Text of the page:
Hospitals Help Wealthy Donors ‘Skip the Line’ for Vaccines
NPR reported today that 13.3% of Americans have received at least one dose of the COVID-19 vaccines, while 5.9% of the population has received both doses. Of the approximately 75.2 million doses distributed since December, approximately 64.2 million, or 85%, have been administered so far.
The percentage of people vaccinated in each state varies widely, NPR reports, with some states, primarily in the south and Midwest, with less than 13% of their population having received at least one shot.
Prior to vaccine authorizations in the U.S., the Centers for Disease Control and Prevention’s Advisory Committee on Immunization Practices recommended that health-care workers and nursing-home residents should receive shots first, and health officials urged governors to stick to the ACIP framework, according to a MarketWatch article.
However, as bioethicists predicted, wealthier individuals have found ways to skip the line, MarketWatch reports. And, in some cases, hospitals are offering the shots to wealthy donors to their healthcare institutions. Alice Ayres, president and CEO of the Association for Healthcare Philanthropy, called those cases “outliers” in the MarketWatch report.
Hospitals Offer Rationale for Early Access to Board Members
Several local news outlets reported cases of hospitals offering early access to vaccinations to hospital donors and executives and their relatives. New Jersey 101.5 reported that Hunterdon Medical Center administered shots to what the station deemed “deep-pocketed donors” before the general public. Jason VanDiver, a hospital spokesperson, defended the choice in an email, telling the radio station, “Only if doses were likely to go to waste were vaccines administered to individuals who did not have an appointment. These recipients, as instructed by the New Jersey Department of Health included family members of staff who were working at the clinic, recently retired Hunterdon Healthcare employees, volunteers, and other non-clinical staff associated with the organization.”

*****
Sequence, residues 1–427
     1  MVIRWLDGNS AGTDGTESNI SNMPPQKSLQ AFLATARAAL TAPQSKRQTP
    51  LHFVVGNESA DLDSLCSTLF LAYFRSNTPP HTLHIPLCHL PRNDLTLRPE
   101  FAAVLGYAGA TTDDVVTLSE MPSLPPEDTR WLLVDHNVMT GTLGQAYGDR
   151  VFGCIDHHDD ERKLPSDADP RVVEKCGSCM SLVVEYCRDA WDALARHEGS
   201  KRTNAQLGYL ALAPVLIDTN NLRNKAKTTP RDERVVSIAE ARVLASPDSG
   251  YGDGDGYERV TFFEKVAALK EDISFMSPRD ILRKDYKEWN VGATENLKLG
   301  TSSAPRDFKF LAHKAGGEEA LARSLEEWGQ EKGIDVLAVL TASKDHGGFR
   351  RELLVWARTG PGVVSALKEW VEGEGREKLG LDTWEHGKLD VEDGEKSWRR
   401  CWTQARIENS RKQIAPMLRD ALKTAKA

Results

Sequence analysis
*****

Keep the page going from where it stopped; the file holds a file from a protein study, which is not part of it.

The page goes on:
Stormont Vail Health in Topeka, Kansas, also administered vaccines to its board of directors and a fundraising board during the first phase of vaccine rollout. Matt Lara, a spokesperson for Stormont Vail Health, told radio station KCUR that these board members “make sure that everything’s running day to day.”
Eroding Public Trust, or Preventing Vaccines from Going to Waste?
Jay Frost, a fundraising consultant, commented to MarketWatch on the topic of hospital donors receiving any sort of preferential treatment. “It’s appalling,” he stated. The Association of Fundraising Professionals also called the practice “unethical, inequitable, and antithetical to the values of philanthropy and ethical fundraising,” in the MarketWatch report.
However, Ayres emphasized to MarketWatch that 99.999% of hospitals are following the guidelines. She speculated that in some cases, hospitals may have been trying to assist donors in making appointments and then reaching out to those donors with leftover doses as a matter of expediency.
“You could have a debate as to whether or not that is perfectly ethical,” Ayres told MarketWatch. “I think at the moment at least it’s significantly worse, or even criminal, to let vaccine go unused.”
Volunteers Trade Time for Doses
There is, however, one completely ethical way to receive a COVID-19 vaccine even if you aren’t in one of the high-risk categories or eligible for the shots just yet. Those who volunteer at vaccine administration sites, whether in a medical or administration capacity, may receive earlier access to their doses.
Since vaccines not used by day’s end would otherwise go to waste, volunteers may or may not receive a vaccination once their shift ends. Most administration sites do not promise vaccines to all helpers, but volunteering offers a rewarding way to help others, be part of history during a global pandemic and, as far as the chance at early vaccination goes — it’s worth a shot!
More from GOBankingRates